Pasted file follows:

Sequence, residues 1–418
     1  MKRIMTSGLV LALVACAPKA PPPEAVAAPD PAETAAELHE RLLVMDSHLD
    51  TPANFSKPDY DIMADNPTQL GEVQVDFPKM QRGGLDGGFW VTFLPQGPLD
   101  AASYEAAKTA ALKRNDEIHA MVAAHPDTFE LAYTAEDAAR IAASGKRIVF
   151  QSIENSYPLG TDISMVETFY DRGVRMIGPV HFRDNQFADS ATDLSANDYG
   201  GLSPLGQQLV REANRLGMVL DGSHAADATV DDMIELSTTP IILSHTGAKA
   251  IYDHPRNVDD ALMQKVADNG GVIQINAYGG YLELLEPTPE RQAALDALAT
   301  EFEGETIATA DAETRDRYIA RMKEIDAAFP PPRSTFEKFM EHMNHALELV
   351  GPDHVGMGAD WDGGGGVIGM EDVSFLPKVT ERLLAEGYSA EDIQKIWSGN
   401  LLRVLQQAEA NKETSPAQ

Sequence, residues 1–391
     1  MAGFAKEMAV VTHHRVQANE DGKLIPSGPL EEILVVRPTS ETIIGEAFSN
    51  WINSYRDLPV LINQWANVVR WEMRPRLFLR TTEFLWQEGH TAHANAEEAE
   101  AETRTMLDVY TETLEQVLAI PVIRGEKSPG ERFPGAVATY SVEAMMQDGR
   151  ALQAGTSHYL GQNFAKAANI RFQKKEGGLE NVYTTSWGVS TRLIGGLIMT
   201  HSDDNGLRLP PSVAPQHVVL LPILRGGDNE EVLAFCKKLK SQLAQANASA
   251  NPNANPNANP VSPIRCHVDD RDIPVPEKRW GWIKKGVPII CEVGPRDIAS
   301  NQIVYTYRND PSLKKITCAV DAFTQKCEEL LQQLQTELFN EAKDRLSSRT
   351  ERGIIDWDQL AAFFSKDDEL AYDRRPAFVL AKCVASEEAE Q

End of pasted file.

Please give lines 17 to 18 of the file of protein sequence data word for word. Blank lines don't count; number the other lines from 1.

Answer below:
   251  NPNANPNANP VSPIRCHVDD RDIPVPEKRW GWIKKGVPII CEVGPRDIAS
   301  NQIVYTYRND PSLKKITCAV DAFTQKCEEL LQQLQTELFN EAKDRLSSRT